Honour the living

2010-12-05 13:00
Victor Dlamini
What does it say about us as a nation that we only seem to rush to recognise some of our best artists once we hear that they’ve died or are ill?

Then you hear of a memorial event or benefit concert being hastily organised to give the gravely ill artist money to cover their bills. Too many of our extremely talented artists have died lonely, ­forgotten and often penniless.

But you will not understand how this is possible if you listen to the outpouring of love once news of the artist’s death is received.

Musician Simphiwe Dana ­highlighted the complex relationship between gifted musicians and the South African public when she recently poured her heart out to the nation on TV.

She revealed her ­frustration that even though she wrote and performed most of her ­music in Xhosa, her biggest audiences are in Germany.

It was quite clear that she was not speaking only on her own behalf but that of countless artists who spent years developing their craft only to be spurned by fickle audiences.

If we do not go to their concerts while some of our top artists are still at the height of their power; and we do not buy their books, art or music, how can we say we love them? It is as if in death we react more from our guilt rather than the love that we ­express so freely at their passing.

At the memorial service there is not enough time to accommodate the speakers singing the posthumous praises of the artist posthumously.

At the memorial service for the great writer Lewis Nkosi, the speakers all eulogised him for his talent across the literary, cultural and intellectual fields, but such high praise was at odds with the paltry sales figures of his novels within the country.

Surely it must tell us something that while we rushed to claim him as our giant once he was dead, Lewis Nkosi had not ended his long exile, choosing to live in Switzerland even after the collapse of apartheid.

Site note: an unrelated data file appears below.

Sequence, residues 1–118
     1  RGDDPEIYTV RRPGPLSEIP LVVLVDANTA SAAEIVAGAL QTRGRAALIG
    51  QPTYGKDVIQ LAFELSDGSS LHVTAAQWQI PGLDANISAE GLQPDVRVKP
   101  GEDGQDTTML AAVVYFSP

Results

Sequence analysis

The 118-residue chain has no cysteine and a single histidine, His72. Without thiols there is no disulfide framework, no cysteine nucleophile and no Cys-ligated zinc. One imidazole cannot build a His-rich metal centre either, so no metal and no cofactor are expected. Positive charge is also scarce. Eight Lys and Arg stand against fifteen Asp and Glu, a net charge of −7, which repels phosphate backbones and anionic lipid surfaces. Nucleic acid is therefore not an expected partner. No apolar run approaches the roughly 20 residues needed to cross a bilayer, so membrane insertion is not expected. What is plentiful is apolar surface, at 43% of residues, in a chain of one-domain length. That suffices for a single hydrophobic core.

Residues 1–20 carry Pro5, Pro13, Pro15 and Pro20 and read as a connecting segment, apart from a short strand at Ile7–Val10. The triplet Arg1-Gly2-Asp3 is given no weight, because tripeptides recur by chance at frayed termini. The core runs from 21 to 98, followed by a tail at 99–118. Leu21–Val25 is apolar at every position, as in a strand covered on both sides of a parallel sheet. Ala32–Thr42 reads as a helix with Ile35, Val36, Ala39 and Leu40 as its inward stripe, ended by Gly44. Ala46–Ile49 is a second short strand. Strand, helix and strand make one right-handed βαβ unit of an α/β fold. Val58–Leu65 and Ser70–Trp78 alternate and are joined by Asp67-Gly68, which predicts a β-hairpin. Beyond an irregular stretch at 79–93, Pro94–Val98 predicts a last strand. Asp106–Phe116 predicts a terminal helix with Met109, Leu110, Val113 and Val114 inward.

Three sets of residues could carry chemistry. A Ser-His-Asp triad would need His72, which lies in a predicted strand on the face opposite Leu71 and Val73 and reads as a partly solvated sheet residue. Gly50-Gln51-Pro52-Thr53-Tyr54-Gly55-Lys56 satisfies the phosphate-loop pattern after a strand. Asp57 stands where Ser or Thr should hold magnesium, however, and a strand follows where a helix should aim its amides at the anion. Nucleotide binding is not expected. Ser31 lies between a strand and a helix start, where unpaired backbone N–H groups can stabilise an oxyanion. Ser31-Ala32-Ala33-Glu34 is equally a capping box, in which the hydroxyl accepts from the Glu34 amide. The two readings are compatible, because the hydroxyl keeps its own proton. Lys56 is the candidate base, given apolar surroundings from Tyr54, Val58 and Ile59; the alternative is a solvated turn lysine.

It says something that even Miriam Makeba died in Italy, far away from the source of her best ­music. Like many of our artists who’d been forced into exile, Makeba had jumped at the chance to return home in the early 90s. But after a brief honeymoon with South African audiences, she may as well have still been in artistic exile.

Politicians and other leading lights line up to read the great speeches we write in which we praise them for their great cultural contribution and flying the South African flag.

We seem unaware that the reason they had to travel so far to fly the flag in distant parts of the world is because of limited opportunities in their own country.

We seem to grow proud of them once they are dead. Praises on the dead are wasted if they do not reflect the esteem in which the person was held during their lifetime.

Giving an artist a “lifetime achievement award” after they are dead is a missed ­opportunity.

There are times you get the sense that exile may have ended for most of us, but for some of our most gifted artists who can only get their best gigs overseas, it may as well be the height of exile.

In venues across Europe and the US, artists like the jazz genius Bheki Mseleku used to perform to packed venues, but back in their own country they could only perform at small ­venues.

It is true that the best art cuts across borders, but there’s something wrong if the only choice for our artists is between starvation and performance in lonely, foreign venues.

How many more artists need to perish in poverty and obscurity while we splash out on multimillion-rand events in which the bulk of the cash goes to decor, flowers, food and everything else but the artists?

Perhaps it is time we listened to mercurial artist Kanye West when he says in his lyrics: “People should be given flowers while they can still smell them.”

Then the likes of ­Simphiwe Dana will be given ­recognition, love and support in their own country and in their lifetime.

As a nation we should reach deep into our pockets and hearts to ­recognise the incredible talent that our country possesses in abundance.